Can Latin Resources’ JORC take it up to Andromeda?

Latin Resources (LRS) has continued to release exceptional results from its maiden air-core drilling program at the Noombenberry halloysite-kaolin project in Western Australia.

Latin Resources has named its first deposit the Cloud Nine Deposit – the first kaolin-halloysite deposit defined within the company’s larger Noombenberry project.

The Could Nine deposit is located on the company’s 100 per cent owned exploration licence E70/2622, which is situated approximately 350 kilometres to the east of Perth and to the south-east of the town of Merredin.

The resource looks to be better than $475 million capped Andromeda’s 210-million-tonne resource.

A global Inferred Mineral Resource estimate for the Cloud Nine deposit of 207 million tonnes of kaolinised granite has been reported by RSC, using an ISO Brightness (“ISO-B”) R457 cut-off of 75.

The Resource comprises two separate domains:

  • 123 million tonnes of bright white kaolin-bearing material; and
  • 84 million tonnes of kaolin/halloysite-bearing material.

Compared with Andromeda, LRS has drilled only the first of five of its projects within the Noombenberry project and its land holding is seven times the size of Andromeda.

While there is little variation between the sizes of companies’ resources, the Noombenberry Project offers a combination of benefits that could lead to cheaper production.

Andromeda has between seven metres and 62 metres of overlying hard silcrete caprock, compared with Noombenberry’s unconsolidated soil cover of less than four metres.

Thus it would appear that LRS offers lower mining costs with a lower strip ratio to AND, as ADN has significant overburden to remove before the ore can be accessed, ordinarily translating to higher mining costs.

Latin Resources is currently capped at $97 million and with the release of the mineral resource estimate (MRE) is now sitting on what could become the single-largest undeveloped kaolin-halloysite deposit in Australia.

Latin Resources’ halloysite project is one of Australia’s few known occurrences of ultra-high-grade halloysite – a naturally occurring nanotube.

Resource details

The Kaolin Domain granite resource contains a total of 73 million tonnes of bright white (+75 ISO-B) kaolin product with an ISO-B of 79 in the -45 μm size fraction, or 29 million tonnes of ultra-bright white (+80 ISO-B) kaolin product with an ISO-B of 82.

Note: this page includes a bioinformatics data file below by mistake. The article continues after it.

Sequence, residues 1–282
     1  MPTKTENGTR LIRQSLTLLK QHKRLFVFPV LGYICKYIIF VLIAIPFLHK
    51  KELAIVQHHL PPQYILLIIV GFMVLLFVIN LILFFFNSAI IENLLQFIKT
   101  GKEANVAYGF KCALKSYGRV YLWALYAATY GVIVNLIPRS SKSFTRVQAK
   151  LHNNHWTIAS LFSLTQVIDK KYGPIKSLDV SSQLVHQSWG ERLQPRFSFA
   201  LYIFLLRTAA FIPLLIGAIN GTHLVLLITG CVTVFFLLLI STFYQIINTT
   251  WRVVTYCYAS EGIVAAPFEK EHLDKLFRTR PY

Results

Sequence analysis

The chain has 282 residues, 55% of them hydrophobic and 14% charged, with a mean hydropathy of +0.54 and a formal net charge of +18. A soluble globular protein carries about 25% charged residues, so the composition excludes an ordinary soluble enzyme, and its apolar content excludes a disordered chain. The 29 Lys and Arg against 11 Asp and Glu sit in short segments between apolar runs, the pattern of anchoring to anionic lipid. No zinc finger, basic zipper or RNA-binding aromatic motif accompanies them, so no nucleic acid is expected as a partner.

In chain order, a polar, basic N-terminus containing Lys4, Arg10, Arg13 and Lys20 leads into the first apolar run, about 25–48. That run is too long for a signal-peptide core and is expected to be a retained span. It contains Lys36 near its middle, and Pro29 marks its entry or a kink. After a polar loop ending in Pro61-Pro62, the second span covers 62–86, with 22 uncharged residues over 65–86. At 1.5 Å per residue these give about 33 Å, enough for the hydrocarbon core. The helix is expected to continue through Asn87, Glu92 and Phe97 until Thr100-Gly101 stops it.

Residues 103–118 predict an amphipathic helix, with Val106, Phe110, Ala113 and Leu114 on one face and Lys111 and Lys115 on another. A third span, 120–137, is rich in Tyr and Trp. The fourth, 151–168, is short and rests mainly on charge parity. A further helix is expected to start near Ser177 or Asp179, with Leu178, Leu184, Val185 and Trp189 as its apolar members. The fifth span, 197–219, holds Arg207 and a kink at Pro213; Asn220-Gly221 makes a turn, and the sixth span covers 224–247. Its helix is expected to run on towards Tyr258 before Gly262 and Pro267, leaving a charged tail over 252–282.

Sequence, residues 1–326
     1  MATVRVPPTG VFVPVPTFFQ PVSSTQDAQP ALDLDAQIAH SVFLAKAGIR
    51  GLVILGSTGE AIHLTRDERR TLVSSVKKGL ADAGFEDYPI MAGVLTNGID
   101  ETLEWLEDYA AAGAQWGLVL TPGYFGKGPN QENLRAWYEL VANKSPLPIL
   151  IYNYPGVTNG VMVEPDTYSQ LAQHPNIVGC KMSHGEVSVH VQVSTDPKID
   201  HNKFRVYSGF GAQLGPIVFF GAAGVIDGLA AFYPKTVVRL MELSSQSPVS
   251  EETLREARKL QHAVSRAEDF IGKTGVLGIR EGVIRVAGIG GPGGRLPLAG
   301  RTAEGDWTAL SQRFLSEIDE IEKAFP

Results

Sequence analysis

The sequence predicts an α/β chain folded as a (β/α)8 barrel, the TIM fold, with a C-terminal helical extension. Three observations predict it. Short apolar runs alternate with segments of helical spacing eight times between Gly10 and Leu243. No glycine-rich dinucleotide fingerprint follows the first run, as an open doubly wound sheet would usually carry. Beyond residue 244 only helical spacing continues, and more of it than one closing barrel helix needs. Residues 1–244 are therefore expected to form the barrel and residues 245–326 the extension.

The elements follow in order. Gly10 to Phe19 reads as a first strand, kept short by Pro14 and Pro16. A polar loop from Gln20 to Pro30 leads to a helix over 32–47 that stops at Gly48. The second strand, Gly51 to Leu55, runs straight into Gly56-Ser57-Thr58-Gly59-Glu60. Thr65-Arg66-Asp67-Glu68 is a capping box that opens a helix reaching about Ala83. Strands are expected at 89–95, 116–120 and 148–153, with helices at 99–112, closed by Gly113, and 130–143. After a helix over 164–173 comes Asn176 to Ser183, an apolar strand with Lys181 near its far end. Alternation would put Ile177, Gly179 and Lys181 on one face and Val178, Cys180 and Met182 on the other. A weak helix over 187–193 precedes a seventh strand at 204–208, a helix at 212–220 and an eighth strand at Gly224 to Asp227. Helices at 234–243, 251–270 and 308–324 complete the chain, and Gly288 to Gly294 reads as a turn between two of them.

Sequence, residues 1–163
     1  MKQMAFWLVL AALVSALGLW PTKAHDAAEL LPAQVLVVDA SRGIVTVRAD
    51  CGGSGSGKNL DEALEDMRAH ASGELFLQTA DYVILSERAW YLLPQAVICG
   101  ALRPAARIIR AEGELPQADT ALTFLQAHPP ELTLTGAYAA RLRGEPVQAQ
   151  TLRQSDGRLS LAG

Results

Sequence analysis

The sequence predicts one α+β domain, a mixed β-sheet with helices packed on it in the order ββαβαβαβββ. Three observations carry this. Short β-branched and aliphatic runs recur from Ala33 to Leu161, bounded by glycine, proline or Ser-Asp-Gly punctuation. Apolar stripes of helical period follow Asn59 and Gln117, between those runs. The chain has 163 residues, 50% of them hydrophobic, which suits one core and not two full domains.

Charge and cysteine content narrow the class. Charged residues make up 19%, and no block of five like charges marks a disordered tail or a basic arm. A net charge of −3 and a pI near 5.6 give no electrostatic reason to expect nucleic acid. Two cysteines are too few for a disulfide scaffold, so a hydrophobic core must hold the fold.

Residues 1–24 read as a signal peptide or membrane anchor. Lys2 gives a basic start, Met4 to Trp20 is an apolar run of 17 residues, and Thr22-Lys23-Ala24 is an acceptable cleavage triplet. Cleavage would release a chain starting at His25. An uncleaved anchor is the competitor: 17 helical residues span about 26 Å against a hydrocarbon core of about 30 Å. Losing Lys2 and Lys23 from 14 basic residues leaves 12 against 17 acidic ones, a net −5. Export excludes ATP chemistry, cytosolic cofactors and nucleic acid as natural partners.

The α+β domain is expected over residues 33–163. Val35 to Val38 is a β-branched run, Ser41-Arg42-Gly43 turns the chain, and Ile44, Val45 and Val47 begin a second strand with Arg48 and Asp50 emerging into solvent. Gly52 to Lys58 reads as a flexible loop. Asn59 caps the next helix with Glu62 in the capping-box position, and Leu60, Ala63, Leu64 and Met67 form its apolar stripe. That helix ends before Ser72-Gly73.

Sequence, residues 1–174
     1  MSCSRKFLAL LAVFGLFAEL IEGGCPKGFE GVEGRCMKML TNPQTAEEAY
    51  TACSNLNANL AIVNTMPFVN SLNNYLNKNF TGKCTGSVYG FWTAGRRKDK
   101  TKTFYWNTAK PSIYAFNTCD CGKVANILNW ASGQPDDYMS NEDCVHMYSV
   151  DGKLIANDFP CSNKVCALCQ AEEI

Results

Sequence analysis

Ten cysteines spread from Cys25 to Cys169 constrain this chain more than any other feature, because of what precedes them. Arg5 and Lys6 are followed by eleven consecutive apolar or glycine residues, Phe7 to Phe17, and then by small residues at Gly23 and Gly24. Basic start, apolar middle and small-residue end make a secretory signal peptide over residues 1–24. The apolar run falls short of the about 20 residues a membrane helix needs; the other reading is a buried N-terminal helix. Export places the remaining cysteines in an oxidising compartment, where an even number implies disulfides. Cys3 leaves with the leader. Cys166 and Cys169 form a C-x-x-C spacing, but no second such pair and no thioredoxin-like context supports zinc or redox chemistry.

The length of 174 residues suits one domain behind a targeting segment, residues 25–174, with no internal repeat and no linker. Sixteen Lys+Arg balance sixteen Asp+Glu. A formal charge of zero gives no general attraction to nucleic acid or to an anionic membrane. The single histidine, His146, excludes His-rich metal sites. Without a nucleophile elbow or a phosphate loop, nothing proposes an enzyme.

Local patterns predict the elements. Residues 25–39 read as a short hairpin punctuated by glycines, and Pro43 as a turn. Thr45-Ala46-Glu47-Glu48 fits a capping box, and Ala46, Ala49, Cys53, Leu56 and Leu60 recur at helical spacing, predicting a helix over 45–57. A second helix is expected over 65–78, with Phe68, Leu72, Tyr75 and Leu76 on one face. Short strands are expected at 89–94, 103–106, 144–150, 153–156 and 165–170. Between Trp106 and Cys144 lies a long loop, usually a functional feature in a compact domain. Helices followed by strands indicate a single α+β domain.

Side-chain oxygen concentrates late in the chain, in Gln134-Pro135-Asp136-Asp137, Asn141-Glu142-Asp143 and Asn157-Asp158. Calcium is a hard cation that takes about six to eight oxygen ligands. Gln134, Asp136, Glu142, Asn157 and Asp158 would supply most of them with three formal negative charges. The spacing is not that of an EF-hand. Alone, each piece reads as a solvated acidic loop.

Both of these are considered high quality product specifications, potentially suitable for a wide range of industrial applications.

The global resource also contains a relatively contiguous halloysite domain within the kaolinised granite estimated at 50 million tonnes at an average grade 6 per cent halloysite using a 1 per cent halloysite cut-off, or 35 million tonnes at an average grade of 6 per cent halloysite using a +75 ISO-B cut-off it equates to 27 million tonnes at an average grade of 8 per cent halloysite using a +5 per cent halloysite cut-off.

The company now intends to expedite the next round of drilling to elevate some of the Resources to the Indicated or Measured classification for the purposes of a pre-feasibility study (PFS), which can all be funded with existing cash of more than $4 million at end of March 2021.

PFS coming

With the JORC out, Latin Resources will now immediately start technical studies to feed into a PFS.

It will also start its next round of drilling to commence in July 2021.

This is aimed at extending the Resource to the north and increasing the confidence of the MRE to a JORC Indicated and Measured classification.

The PFS will consider supply to a range of traditional end-users of kaolin-halloysite, as well as investigating the potential for downstream marketing of the high-grade halloysite to emerging new applications, including the carbon-capture and hydrogen storage markets.



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